APG Conference - On the Contrary | The power of contrarian thinking to sharpen strategy and inspire creative
The APG conference took place this year on Monday 8 October at the Royal Institute in London. The day consisted of seven engaging and wide ranging talks, delivered by speakers including a psychologist, a police officer, a lawyer and an organisational change expert. Here’s the Nursery’s round up of the day’s offering:
Professor Nick Chater – The Mind is Flat
Professor Nick Chater kicked off the morning with his explanation of mental processing. Chater believes that far from having pre-existing motivations and reasons for our behaviour, we simply come up with them on the spot in order to explain our choices. These justifications are based on a bank of previous experiences, rather than any sort of reasoning, preference or mental depth.
Tor Garnett – Police Now
Next attendees heard from Tor Garnett, a Superintendent at the Met Police. Among other initiatives she discussed, Garnett described the Police Now programme, which encourages graduates to spend two years in the police force before moving on to other things.
Police Now was devised in response to the perception of policing as a ‘vocation’ which you should therefore feel committed to for a lifetime. Being a police officer quickly becomes a defining part of your identity; and traditionally if you leave the police, you’re seen as being ‘unable to hack it’. Garnett wants to challenge this perception, making policing a more flexible and accepting profession.
Nils Leonard – Founder of Uncommon
Following this, Nils Leonard, formally CCO of Grey LDN, explained to the audience why he founded Uncommon London. Building brands that people in the real world actually wish existed is his passion, and he thinks it’s key to do something that you’re passionate about. Without this it’s difficult to find the drive necessary to be truly creative.
Clive Stafford Smith - Human Rights Lawyer and founder of Reprieve UK
Stafford Smith rounded off the morning. He took attendees through some of his work defending people on death row in the US, including explaining the flaws in DNA analysis and how the legal system is often tied to habit and tradition rather than what is actually rational.
Margaret Heffernan – Wilful Blindness
In the afternoon session, Margaret Heffernan, speaker, author and lecturer, was the first to share her thoughts. She explained the concept of wilful blindness: when there’s an opportunity for knowledge, but it’s ignored. Whilst the concept could be applied to ‘Good Germans’ and abuse in the Catholic Church, she believes it can also be applied to the failure to see creative opportunities that are staring people in the face.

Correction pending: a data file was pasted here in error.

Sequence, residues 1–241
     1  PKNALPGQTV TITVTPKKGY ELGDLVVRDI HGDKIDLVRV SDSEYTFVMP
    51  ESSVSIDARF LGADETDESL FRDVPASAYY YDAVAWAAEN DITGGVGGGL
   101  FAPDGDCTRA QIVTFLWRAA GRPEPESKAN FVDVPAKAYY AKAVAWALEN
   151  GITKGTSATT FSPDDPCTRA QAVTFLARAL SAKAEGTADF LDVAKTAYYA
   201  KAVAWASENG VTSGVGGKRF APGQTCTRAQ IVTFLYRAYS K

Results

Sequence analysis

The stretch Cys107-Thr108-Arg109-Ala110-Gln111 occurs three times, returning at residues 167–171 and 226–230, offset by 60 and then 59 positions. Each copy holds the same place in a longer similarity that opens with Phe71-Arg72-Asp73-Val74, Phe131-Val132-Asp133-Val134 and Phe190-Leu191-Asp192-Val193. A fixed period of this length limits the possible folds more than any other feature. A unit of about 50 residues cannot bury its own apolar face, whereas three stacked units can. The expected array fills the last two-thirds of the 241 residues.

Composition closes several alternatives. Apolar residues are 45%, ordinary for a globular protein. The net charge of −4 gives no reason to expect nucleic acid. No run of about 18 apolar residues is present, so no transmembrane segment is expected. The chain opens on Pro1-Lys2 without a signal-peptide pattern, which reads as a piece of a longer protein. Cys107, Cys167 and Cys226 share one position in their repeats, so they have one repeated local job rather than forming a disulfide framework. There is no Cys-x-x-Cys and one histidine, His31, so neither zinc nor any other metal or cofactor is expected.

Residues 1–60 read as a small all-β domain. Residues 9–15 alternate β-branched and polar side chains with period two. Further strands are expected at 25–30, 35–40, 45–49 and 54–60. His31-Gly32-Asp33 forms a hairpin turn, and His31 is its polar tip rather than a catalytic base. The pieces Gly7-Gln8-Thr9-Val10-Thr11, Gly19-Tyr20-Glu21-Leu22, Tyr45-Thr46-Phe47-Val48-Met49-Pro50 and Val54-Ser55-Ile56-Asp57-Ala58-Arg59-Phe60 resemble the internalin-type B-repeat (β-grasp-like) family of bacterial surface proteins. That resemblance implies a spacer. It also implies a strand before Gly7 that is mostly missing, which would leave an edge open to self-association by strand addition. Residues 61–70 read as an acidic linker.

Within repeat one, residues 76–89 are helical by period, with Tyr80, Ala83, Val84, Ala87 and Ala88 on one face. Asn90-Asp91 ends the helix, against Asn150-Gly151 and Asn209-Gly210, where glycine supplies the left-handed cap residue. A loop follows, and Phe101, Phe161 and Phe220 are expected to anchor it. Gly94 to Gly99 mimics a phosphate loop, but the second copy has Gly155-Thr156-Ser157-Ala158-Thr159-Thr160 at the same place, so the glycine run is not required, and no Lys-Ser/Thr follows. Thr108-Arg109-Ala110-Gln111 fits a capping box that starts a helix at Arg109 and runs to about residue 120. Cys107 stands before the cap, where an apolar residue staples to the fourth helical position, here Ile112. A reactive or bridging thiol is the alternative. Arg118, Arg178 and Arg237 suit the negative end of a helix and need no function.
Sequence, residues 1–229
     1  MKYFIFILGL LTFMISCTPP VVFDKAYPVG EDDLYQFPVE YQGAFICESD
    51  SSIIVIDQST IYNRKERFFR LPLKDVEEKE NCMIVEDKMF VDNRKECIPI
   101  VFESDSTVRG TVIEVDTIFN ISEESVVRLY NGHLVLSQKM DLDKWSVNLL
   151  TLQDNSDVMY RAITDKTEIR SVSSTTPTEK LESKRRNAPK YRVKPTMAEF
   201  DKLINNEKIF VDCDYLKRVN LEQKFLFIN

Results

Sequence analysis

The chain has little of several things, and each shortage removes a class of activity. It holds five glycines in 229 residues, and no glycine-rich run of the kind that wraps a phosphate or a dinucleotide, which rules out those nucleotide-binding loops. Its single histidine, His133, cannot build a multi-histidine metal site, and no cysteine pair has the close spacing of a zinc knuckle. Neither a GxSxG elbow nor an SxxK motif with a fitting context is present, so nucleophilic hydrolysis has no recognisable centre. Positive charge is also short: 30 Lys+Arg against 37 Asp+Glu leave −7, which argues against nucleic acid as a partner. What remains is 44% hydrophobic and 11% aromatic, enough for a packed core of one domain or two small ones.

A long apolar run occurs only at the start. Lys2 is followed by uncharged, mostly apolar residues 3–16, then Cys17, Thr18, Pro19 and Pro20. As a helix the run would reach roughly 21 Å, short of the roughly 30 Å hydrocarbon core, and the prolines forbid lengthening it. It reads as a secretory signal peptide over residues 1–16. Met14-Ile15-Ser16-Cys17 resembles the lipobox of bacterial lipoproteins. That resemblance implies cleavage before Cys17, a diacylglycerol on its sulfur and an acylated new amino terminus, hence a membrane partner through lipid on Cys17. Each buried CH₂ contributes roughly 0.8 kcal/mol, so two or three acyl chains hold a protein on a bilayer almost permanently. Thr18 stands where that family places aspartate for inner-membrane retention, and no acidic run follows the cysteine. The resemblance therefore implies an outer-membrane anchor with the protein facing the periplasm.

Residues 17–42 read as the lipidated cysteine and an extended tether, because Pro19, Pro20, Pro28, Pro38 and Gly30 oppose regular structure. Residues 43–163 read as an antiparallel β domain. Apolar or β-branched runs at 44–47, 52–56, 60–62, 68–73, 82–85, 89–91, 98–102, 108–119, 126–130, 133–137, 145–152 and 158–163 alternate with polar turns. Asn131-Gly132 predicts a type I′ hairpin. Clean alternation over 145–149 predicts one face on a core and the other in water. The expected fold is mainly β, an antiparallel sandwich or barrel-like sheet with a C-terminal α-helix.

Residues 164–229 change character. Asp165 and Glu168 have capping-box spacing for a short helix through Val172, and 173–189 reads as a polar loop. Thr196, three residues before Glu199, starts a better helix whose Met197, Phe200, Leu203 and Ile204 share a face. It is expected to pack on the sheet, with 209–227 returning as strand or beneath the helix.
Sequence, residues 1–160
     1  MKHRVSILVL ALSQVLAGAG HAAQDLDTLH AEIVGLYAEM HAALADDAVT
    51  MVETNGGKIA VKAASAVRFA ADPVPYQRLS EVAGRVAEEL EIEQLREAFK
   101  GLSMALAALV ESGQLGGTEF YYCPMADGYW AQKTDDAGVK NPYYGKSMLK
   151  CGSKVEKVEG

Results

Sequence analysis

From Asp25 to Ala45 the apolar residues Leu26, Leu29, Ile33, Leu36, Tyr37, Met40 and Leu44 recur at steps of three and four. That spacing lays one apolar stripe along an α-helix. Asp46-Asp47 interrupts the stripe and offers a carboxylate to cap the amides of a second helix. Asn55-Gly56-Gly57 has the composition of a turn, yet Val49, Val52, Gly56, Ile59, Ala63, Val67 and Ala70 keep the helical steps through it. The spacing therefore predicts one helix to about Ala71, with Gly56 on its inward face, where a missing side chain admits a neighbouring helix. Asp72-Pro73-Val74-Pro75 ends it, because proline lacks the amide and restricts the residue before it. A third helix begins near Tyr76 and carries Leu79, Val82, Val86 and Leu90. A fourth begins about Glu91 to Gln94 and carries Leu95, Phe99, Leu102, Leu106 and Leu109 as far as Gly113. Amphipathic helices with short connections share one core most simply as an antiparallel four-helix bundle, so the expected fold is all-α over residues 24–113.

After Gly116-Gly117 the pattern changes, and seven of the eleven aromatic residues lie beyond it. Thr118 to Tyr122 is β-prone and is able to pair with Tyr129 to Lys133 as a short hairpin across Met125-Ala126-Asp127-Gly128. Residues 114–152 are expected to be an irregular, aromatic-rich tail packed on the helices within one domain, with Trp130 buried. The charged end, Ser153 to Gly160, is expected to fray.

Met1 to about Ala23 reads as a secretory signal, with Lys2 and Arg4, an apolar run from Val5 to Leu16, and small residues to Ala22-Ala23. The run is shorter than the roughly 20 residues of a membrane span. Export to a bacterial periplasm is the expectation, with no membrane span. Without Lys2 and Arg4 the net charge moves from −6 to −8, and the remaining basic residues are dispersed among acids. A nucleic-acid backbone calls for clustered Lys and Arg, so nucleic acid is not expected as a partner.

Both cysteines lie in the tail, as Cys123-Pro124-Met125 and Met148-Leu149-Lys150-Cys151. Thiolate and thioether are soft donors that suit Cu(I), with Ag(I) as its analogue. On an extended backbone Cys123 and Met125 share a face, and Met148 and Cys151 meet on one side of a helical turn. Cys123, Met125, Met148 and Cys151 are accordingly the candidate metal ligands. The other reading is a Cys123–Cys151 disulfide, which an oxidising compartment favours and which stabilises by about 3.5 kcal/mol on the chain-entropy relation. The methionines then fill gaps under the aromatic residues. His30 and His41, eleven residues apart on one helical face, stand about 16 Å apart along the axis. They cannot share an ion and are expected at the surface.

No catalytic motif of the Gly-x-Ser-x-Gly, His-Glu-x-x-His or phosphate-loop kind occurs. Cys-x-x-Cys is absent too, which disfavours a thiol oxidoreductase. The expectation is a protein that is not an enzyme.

As an example, she spoke of the employee focus. When we go to work, our focus shifts, she says, from wanting to be a good person to wanting to do a good job. This invariably means being obedient, a desire that is compounded by the human preference to be wrong over being isolated. In this way, organisational structures do not encourage people to think for themselves, the workplace becomes a machine where everyone has their function. This is what’s to blame, she believes, for things like Google’s lack of headway in the social media space. She thinks Google employees may have missed an obvious opportunity because they were blinkered by their assigned roles and responsibilities.
Mark Ritson and Martin Weigel – Understanding your audience
Heffernan was followed by Mark Ritson, who ran the audience through a ‘Brand Management 101’ of sorts. When it comes to managing your brand, he believes strongly in the traditional structure of diagnosis -> strategy -> tactics. He feels that many brand managers are currently unwilling or unable to implement this, skipping straight to tactics (comms and channels) and not giving enough time to market orientation or developing a strong, solid strategy.
Before a short Q&A and closing remarks, we heard from Martin Weigel from Wieden + Kennedy Amsterdam. Weigel discussed how advertisers have become too removed from the consumer, and called for a better understanding of the audience.
Overall the APG conference offered a full-on day of ideas and approaches, challenging attendees to think again about their ingrained ways of doing and thinking. It was particularly key to have a range of speakers from outside the industry as it really brought fresh perspectives and different ways of thinking to the day. It reminded us how much we can all learn from going outside our own experience; so much can be helpful and applicable when we look at human behaviour and ways of thinking from a different view point.